This rearranged the schedule slightly as Monkey Swallows the Universe were moved indoors, which sadly didn’t do them justice as they were somewhat of an afterthought as the near whole capacity gathered in the train shed.

Once the sun came out again and the bulk of the crowd headed for the Wave Pictures on the main stage, those of us who elected to stay indoors were treated to a great set by Skinny Girl Diet, two sisters from London who describe themselves as gothic grunge, and make glorious racket.

mp3 : Skinny Girl Diet – Yeti

They were followed on the indoor stage by another band who Indietrackers have fully taken to their hearts, The Tuts. First coming to our attention when they opened the festival four years ago, those of us watching then might have felt they were a novelty, just there to get the party started, however, they’ve blossomed into the kind of group which the festival is all about. Politically charged but with no shortage of fun to go with it. The three of them gracing the stage in wedding dresses, and a wonderful set ended with them getting ‘married’ to the crowd and each other. In amongst the fun there were some emotional moments, when discussing experiences of mental health issues, and in that vein they were joined on stage by various other groups for a mass singalong of Linkin Park’s ‘In The End’ in tribute to Chester Bennington.

mp3 : The Tuts – Let Go Of The Past

The final act of the weekend on the main stage was Cate Le Bon, who I’d really enjoyed when I caught her in Glasgow last year, but to be honest after the Tuts set I just wanted a beer and a blether with some mates who were about to depart. I did catch the last few numbers by Cate, and by all accounts she was on top form.

All that was left was one last disco boogie, and despite being encouraged to carry on until the wee hours at the legendary campsite disco, which I’ve never yet been to, I decided to be sensible for once and head for bed. One year I’ll make the campsite shindig, one year…


JC adds…..I’m really pleased that Aldo took the time to put together such a comprehensive and honest rundown of what sounds like an amazing weekend.  I took it upon myself to choose the songs today, all based on the words he supplied.  Other than The Wedding Present, they are all new to my ears and I’ve a feeling most of you will enjoy them too.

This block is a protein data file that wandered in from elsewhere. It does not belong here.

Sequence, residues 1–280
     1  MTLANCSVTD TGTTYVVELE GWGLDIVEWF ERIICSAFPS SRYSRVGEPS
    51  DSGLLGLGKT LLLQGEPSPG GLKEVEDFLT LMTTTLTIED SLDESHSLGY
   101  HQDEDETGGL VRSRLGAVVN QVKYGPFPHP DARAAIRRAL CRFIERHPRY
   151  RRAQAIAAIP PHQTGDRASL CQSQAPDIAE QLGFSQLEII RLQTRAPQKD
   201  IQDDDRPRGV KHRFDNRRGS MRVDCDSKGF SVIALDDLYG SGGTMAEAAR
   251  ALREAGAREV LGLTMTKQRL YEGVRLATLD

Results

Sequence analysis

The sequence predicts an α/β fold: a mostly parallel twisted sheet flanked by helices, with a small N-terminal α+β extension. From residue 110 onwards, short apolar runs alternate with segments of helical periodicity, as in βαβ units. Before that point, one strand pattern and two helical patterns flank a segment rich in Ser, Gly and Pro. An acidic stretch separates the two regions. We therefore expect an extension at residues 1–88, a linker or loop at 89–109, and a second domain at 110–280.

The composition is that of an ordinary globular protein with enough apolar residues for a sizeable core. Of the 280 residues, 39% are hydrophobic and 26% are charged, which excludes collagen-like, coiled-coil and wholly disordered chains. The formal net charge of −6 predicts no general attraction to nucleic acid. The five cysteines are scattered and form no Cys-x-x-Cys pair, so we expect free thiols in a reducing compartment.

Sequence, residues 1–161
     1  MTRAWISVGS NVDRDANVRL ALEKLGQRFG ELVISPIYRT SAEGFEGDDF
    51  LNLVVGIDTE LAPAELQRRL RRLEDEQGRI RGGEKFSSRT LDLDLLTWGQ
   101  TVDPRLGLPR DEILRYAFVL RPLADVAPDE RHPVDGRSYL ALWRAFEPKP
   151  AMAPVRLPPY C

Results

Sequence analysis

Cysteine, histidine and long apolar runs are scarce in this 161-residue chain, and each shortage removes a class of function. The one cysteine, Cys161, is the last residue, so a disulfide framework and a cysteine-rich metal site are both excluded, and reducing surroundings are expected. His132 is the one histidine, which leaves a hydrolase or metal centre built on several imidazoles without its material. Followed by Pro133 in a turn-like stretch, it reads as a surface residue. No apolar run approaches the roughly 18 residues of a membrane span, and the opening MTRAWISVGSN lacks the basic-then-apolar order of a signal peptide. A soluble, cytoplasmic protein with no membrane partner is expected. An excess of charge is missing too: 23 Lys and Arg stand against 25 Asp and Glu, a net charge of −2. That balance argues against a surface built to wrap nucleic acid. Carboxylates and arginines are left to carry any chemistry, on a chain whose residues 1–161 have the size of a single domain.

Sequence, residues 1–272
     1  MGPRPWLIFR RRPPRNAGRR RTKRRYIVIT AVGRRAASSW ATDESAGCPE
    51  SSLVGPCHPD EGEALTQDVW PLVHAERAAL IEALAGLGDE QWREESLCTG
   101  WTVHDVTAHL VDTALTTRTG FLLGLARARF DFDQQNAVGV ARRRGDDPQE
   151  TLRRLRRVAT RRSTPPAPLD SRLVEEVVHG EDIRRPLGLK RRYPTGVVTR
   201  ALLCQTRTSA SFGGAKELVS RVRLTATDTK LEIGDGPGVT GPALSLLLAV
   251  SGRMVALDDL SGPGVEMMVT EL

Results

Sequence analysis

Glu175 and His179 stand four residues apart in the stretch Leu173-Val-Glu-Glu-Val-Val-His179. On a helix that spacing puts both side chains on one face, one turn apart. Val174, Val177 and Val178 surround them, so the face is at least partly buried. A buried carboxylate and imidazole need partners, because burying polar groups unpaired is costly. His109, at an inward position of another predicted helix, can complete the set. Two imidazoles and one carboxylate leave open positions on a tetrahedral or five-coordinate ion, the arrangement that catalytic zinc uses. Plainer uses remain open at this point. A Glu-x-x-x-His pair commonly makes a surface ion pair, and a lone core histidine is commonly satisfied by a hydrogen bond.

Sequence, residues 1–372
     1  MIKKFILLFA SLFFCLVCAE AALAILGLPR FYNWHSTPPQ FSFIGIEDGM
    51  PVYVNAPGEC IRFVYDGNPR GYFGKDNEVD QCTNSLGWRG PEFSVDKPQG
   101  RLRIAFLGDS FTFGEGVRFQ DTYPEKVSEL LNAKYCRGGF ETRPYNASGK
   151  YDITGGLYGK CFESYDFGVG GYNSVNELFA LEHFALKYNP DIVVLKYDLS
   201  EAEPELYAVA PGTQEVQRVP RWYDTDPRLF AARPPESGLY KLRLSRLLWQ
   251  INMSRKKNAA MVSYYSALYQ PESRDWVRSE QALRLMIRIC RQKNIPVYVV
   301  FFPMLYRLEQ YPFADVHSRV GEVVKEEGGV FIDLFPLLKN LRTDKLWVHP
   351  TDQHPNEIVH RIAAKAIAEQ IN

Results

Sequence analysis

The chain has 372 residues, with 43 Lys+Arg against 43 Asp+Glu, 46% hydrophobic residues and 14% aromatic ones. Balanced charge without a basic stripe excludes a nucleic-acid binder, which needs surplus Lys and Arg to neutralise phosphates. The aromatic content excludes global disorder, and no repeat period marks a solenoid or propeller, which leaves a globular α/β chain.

JC writes…….

Thanks to a faulty charger that turns out not to be the easiest to track down a replacement, I have been laptop free for around ten days now and most of the the posts have been mined from those that I have in reserve for emergencies.  I’ve tried to stay on top of e-mails from my PC at work and the great news is that a few very high quality guest postings have been submitted during the period and I’m going to post them over the coming days.  It begins with an absolute cracker of an ICA from The Robster, turning the spotlight on someone never featured here before, and in doing so he took inspiration from another of the regulars.  Over to The Robster……

Shimmering: A Gemma Ray ICA

I’ve no doubt everyone pays regular visits to Walter‘s most excellent site A Few Good Times In My Life. If you don’t, GET YOURSELF ROUND THERE NOW! Those of us who do will have been engrossed in his recent recounting of the Maifeld Derby festival in Mannheim. In one instalment, Walter told us of his discovery of the rather wonderful Gemma Ray who he’d never come across before. As a long-time fan, I got to thinking that perhaps I should put together an ICA for the benefit of Walter and anyone else who has not been fortunate enough to encounter one of England’s best kept secrets.

So here’s a little collection of some of Gemma’s best moments. I’ve made sure each of her seven albums are represented, but truth be told this could easily have become a double album, and even then some great tunes would have had to be jettisoned. It weighs in at a mere 36 minutes, but I’ve always been a firm believer in quality over quantity and I think I’ve achieved that here in abundance. Ladies and gentlemen, introducing the pop-noir of Gemma Ray.